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'Vividness' in english natural history and anatomy, 1650-1700

Research output: Contribution to journalJournal articlepeer-review

Published
<mark>Journal publication date</mark>20/12/2012
<mark>Journal</mark>Notes and Records of the Royal Society
Issue number4
Volume66
Number of pages16
Pages (from-to)341-356
Publication StatusPublished
Early online date10/10/12
<mark>Original language</mark>English

Abstract

This article concerns the use of rhetorical strategies in the natural historical and anatomical works of the seventeenth-century Royal Society. Choosing representative works, it argues that naturalists such as Nehemiah Grew, John Ray and the neuroanatomist Thomas Willis used the rhetorical device known as ‘comparison’ to make their descriptions of natural things vivid. By turning to contemporary works of neurology such as Willis's Cerebri Anatome and contemporary rhetorical works inspired by other such descriptions of the brain and nerves, it is argued that the effects of these strategies were taken to be wide-ranging. Contemporaries understood the effects of rhetoric in terms inflected by anatomical and medical discourse—the brain was physically altered by powerful sense impressions such as those of rhetoric. I suggest that the rhetoric of natural history could have been understood in the same way and that natural history and anatomy might therefore have been understood to cultivate the mind, improving its capacity for moral judgements as well as giving it knowledge of nature.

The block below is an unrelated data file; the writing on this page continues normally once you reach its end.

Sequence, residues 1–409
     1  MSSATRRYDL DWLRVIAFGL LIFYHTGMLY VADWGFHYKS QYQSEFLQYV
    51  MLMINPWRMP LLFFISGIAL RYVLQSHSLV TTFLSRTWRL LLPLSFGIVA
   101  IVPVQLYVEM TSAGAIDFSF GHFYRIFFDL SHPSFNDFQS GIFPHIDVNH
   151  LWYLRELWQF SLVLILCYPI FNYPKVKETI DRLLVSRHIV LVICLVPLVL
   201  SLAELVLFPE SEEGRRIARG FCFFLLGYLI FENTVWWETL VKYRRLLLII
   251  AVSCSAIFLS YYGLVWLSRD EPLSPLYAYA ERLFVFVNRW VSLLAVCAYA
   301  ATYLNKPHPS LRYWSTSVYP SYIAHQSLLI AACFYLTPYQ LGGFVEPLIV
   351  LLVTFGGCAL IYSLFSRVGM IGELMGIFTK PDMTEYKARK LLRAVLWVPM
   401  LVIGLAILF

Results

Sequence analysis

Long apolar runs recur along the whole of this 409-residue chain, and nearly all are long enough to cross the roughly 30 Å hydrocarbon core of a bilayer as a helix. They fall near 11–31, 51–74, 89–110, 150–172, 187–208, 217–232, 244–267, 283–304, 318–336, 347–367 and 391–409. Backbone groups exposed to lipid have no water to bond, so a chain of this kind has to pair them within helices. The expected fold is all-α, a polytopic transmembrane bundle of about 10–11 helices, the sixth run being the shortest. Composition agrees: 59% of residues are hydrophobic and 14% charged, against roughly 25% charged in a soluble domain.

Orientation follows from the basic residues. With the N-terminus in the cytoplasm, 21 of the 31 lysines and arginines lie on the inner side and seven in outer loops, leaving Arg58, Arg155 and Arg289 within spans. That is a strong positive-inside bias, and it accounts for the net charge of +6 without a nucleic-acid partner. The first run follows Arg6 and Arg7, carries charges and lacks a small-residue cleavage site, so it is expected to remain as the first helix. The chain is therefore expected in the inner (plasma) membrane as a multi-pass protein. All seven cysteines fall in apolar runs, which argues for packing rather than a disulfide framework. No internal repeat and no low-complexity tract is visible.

In February 1670/1 the naturalist Martin Lister wrote to his colleague John Ray about a set of queries concerning spiders that he had sent to be published in the Royal Society's Philosophical Transactions. There, he complained about the description in Aristotle's Historia Animalium of the manner in which spiders dart their threads. Lister found the description to be accurate, but not vivid enough to enable even an informed reader to form an adequate mental image: ‘Which Text, tho’ very plain in it self, yet it will not easily enter into our Imagination, before we have made the Observation by Sense; witness the Misinterpretation of Redi and Blancanus.' To circumvent the flatness of Aristotle's words, Lister (as he confessed to Ray) deliberately mistranslated them: ‘in the Sett of Enquiries I sent to Mr. Oldenburgh, I have purposely given, to incite the Curious, another Interpretation of the Text.’1 Lister hoped to encourage his readers to question the description that they encountered, and to attempt their own observations. This would equip them to see what Aristotle had accurately, but lifelessly, described. Lister and Ray understood, however, that the work of natural history could not be accomplished successfully by resorting to tricking readers into making their own observations every time it became hard to represent something. Instead, as I argue in this essay, they used strategies derived from rhetorical theory and anatomical descriptions of the brain and senses for impressing vivid images into the imaginations of their readers. I also want to suggest that by analysing the vivid style that they used we can come to better appreciate the purposes, both epistemological and moral, that they wanted natural history and anatomy to serve for their readers.